State of affairs offence

There are some strict liability offences which are said to give rise to ‘absolute’ or 'state of affairs' liability.

There are some strict liability offences which are said to give rise to ‘absolute’ liability.  In these situations it is enough that the individual finds themselves in the situation that they are in or some may say ‘in the wrong place at the wrong time’

The case of Larsonneur 1933 is a good example of this ‘absolute’ liability or ‘state of affairs’ form of offence.  In this case the defendant was being deported from Ireland back to the UK from where she had been deported as her permission to be in the UK had expired.  She was escorted back to this country by officials who then promptly arrested her on arriving back in the UK because  she was there without consent.   Her argument, that she did not want to be in the UK, did not assist her.  Absolute liability or state of affairs offences seem to fly in the face of our understanding of the principles of criminal liability which normally requires a voluntary act on the part of the accused.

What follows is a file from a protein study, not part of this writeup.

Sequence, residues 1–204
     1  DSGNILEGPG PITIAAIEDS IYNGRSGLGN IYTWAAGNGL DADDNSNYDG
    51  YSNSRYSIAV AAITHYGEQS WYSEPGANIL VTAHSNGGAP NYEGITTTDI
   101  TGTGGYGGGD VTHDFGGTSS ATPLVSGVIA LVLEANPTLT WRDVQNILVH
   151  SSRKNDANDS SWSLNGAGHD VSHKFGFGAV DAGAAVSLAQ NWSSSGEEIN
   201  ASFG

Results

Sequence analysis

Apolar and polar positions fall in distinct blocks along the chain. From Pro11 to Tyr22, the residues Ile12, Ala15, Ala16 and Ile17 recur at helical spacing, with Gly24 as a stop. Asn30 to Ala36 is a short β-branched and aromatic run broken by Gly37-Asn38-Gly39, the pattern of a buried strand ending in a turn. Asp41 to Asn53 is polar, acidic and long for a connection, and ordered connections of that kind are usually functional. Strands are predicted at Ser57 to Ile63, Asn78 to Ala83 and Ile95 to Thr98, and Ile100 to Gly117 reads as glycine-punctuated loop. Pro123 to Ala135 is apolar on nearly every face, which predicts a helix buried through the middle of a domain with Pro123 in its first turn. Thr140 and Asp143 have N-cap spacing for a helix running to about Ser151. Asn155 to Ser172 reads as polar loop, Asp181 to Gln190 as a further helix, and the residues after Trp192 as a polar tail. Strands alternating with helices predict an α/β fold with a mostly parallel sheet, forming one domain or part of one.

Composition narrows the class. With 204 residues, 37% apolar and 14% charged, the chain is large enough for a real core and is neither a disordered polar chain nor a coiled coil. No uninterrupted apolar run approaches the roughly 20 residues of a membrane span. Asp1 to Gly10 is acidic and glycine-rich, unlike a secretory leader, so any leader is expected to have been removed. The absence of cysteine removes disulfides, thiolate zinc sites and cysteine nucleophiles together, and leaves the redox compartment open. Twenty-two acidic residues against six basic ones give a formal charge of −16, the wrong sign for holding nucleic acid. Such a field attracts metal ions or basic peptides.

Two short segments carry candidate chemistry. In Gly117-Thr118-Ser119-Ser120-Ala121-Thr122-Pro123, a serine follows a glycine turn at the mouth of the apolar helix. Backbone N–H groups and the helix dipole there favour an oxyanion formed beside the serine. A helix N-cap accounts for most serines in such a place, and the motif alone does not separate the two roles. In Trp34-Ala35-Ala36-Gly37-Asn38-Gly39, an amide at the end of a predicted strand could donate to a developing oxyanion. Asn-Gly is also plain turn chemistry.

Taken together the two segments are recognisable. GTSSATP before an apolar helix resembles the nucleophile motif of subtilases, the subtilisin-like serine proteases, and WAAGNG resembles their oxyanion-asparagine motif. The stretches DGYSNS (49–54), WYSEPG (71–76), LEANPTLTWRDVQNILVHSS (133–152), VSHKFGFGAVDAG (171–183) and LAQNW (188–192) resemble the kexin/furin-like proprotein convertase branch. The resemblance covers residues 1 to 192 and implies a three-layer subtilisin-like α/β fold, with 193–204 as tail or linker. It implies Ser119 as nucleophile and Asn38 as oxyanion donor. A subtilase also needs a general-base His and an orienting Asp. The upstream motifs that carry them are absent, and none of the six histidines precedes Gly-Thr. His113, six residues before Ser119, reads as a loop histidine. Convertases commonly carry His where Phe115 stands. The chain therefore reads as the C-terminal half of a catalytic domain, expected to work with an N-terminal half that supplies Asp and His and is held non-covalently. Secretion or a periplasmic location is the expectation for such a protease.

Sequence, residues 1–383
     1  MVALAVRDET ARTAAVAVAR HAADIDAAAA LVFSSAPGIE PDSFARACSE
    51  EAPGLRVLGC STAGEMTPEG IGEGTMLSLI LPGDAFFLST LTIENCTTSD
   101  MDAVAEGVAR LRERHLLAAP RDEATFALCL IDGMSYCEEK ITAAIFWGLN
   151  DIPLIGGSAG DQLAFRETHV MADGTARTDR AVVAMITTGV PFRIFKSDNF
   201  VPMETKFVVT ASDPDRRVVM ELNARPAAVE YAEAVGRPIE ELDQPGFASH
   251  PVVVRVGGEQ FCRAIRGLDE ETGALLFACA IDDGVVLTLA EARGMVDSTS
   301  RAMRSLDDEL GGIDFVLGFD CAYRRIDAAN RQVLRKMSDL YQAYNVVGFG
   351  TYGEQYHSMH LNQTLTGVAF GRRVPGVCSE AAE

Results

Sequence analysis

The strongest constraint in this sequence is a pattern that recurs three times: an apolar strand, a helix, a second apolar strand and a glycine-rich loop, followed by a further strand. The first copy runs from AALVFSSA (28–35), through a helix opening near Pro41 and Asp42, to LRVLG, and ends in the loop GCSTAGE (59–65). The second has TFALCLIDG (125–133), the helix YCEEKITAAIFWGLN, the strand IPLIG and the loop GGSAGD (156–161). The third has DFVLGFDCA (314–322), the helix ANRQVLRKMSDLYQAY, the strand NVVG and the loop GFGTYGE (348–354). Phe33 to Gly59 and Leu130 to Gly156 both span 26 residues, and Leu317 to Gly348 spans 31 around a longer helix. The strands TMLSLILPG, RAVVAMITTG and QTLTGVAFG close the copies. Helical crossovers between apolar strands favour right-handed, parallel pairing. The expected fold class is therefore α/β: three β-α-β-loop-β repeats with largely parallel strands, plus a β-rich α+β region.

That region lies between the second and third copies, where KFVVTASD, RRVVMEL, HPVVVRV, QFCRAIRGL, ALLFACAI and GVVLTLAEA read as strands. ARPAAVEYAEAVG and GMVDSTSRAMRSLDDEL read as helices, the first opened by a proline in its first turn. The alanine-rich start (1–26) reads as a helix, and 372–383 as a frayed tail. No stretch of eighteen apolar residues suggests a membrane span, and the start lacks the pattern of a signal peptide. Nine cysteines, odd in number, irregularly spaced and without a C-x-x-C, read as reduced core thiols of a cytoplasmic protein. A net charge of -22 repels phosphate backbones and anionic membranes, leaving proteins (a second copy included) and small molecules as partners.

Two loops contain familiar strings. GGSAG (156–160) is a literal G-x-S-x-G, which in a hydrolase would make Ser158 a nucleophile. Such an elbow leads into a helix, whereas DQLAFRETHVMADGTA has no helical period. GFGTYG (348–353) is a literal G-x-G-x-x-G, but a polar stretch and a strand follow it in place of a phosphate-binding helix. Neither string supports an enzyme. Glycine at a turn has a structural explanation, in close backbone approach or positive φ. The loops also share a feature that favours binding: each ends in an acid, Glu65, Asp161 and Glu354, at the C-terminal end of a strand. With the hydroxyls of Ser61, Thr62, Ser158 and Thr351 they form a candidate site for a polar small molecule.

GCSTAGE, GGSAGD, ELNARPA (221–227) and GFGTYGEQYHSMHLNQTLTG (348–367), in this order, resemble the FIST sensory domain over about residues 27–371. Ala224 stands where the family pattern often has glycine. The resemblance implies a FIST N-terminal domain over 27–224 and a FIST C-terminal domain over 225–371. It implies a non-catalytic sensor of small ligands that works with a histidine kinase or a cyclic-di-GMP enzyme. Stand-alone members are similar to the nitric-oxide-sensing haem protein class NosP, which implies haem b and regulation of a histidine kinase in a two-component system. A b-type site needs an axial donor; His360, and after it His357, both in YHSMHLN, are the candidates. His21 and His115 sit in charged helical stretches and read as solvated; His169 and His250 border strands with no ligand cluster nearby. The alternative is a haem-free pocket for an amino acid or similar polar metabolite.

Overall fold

Similarly in Winzar v Chief Constable of Kent 1983 the defendant, who was drunk, was removed from hospital premises against his will and placed in a police car on the public highway.  He was then arrested for being found drunk on the highway.


Robinson-Pierre v R [2013] EWCA Crim 2396 (20 December 2013)

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